But he avoided questions about how he’d made his own money before becoming a representative. He finally filed a disclosure in 2013 — a year late — that listed his $350,000 income as coming from an entity called Presidential Trust Marketing. On that form, Stockman failed to disclose the 10 active business names he’d established from Texas to the British Virgin Islands, though federal law requires candidates and members of Congress to disclose both income and businesses, as the Chronicle reported at the time.
Presidential Trust Marketing is one of the businesses that Stockman allegedly used in the fundraising conspiracy, the indictment says. Duped an octogenarian
In 2010-2012, Stockman and his ex-staffers allegedly used two other business names, nonprofits called Life without Limits and the Ross Center, to dupe an octogenarian multimillionaire from the Rothschild foundations in Baltimore to cut a series of checks for $425,000 for charity and voter education efforts that never happened, the indictment says.
A foundation spokesman, David Daneman, told the Chronicle that their meetings “were solely with Stanford Z. Rothschild Jr., who was in his mid-80’s at the time and who passed away in February of this year. “It is clear that these individuals were taking advantage of a very philanthropic elderly man.”
Another target was a wealthy Illinois captain of industry who leads the Ed Uihlein Family Foundation, which provided $350,000 in 2013 for a project Stockman pitched called The Freedom House.
In support of the proposal, Dodd and Stockman arrived at a meeting Jan. 24, 2013, armed with an 18page document that promised a “three-pronged strategy to promote the ideas of liberty" — including creating a caucus, a training program and gathering place for young conservative Congressional interns.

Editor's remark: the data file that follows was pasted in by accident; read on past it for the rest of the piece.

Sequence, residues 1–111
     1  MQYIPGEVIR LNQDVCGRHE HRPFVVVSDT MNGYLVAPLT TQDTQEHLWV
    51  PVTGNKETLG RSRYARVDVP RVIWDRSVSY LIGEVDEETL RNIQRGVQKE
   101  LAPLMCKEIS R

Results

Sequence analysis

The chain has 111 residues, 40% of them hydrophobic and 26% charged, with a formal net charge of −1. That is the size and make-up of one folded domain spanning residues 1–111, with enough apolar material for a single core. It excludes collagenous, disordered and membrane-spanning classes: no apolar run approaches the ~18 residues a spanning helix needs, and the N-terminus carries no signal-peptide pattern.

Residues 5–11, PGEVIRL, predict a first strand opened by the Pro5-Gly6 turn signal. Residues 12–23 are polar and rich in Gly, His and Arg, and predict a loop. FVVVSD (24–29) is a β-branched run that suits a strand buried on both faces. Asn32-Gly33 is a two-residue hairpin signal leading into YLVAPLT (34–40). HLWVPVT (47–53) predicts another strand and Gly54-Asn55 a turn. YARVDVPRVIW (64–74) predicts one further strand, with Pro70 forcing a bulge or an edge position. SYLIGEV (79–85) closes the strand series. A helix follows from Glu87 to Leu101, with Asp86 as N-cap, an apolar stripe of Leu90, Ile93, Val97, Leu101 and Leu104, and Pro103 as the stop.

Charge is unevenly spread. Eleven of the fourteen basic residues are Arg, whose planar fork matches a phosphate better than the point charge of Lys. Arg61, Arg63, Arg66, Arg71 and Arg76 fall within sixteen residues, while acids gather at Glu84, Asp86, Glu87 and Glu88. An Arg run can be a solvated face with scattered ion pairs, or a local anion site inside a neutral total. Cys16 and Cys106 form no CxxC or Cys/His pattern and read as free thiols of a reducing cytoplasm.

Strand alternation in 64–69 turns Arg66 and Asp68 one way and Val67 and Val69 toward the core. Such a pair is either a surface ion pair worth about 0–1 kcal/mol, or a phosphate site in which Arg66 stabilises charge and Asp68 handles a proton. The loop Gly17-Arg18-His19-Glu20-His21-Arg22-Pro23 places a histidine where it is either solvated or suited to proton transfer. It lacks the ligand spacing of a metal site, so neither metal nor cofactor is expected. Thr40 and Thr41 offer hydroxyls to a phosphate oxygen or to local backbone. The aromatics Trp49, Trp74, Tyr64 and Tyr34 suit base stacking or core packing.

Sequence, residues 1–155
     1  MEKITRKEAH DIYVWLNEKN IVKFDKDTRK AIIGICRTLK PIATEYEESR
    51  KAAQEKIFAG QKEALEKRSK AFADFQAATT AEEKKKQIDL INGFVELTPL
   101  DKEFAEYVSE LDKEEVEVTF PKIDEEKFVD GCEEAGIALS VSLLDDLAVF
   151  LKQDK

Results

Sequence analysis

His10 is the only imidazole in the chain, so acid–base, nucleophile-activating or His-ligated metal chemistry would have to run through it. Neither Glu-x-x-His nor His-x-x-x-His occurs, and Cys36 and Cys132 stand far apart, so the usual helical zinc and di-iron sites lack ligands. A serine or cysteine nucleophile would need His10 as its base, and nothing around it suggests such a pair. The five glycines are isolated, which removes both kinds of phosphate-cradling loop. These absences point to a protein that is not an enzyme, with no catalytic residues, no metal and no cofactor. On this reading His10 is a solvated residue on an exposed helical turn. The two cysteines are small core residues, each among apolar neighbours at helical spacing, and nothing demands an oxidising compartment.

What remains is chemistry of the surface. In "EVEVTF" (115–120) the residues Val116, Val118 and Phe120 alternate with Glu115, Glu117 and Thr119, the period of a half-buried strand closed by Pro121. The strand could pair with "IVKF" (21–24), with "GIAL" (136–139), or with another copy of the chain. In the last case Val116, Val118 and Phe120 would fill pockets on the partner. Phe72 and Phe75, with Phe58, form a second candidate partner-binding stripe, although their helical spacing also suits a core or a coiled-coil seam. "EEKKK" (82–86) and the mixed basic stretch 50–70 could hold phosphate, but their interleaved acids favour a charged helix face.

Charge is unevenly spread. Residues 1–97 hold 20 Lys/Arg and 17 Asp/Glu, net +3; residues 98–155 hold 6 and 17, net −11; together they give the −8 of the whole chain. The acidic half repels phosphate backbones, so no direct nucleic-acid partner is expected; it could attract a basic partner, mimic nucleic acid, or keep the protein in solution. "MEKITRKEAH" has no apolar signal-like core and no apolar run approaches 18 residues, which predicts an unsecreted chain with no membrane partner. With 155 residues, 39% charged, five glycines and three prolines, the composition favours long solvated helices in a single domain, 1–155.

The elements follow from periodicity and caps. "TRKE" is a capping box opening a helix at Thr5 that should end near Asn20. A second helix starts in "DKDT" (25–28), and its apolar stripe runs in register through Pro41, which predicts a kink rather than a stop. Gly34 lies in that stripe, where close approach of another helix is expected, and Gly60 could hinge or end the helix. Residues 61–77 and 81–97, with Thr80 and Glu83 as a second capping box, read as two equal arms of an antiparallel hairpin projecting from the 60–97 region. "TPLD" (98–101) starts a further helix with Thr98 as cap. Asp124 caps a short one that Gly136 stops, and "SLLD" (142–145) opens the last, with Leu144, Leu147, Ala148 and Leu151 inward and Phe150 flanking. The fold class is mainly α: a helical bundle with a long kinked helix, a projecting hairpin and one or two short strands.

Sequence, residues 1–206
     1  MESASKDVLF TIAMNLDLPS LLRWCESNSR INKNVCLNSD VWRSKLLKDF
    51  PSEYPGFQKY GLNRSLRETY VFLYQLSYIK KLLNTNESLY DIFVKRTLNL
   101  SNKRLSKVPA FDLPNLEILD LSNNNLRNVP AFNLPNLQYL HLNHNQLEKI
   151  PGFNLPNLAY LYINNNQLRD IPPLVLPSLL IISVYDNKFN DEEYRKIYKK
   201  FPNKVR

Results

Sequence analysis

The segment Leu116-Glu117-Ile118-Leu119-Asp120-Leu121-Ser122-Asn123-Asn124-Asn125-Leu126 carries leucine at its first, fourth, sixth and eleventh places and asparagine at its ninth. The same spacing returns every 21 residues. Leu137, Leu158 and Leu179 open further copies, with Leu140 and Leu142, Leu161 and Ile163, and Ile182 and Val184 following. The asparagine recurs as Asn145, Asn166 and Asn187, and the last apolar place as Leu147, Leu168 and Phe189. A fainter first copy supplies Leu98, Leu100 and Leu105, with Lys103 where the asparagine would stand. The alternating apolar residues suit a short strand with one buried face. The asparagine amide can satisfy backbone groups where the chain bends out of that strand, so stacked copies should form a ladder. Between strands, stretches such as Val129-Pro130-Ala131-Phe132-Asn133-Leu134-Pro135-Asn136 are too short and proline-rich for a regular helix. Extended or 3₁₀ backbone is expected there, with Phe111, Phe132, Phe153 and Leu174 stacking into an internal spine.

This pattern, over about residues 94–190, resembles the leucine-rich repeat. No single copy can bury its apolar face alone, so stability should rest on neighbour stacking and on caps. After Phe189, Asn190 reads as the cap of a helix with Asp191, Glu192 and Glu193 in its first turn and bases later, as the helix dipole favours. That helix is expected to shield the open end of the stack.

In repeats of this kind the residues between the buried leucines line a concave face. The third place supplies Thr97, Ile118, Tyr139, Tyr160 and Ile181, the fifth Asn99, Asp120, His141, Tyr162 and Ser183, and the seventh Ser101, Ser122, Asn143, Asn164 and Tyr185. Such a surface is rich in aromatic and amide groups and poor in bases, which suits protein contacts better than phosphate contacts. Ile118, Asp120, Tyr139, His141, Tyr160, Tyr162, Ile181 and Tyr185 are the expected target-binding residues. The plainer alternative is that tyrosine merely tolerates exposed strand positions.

Most of that donation was illegally diverted too, the indictment said.
About $41,000 was used to pay for months of covert surveillance of someone Stockman considered “a potential challenger in a future primary election,” the indictment says. About $20,000 went to Stockman’s brother’s book business; about $11,000 went to pay for a 30-day drug treatment program for a female associate of Stockman’s.
Another $2,200 went to pay for a summer camp for Stockman’s nephew and the daughter of a family friend, the indictment said. Missed 17 straight votes
In December 2013, Stockman declared that he would not run for re-election. Then he announced he’d challenge Cornyn. It was an odd campaign.
In January 2014, Stockman disappeared for three weeks, missing 17 straight votes in the House as well as Senate campaign events. It was during this period that federal prosecutors say he colluded with Posey in illegal mass mailings targeting Cornyn and other opponents. Cornyn easily won.
After leaving Congress in December 2014, Stockman kept right on tweeting with his handle @Steveworksforyou.
Stockman strolled to one recent federal court appearance smiling in sunglasses. He has promised he will be vindicated. Stockman has, after all, already made recent Texas history: It’s been more than a decade since any former or current congressman has been indicted in the Lone Star State.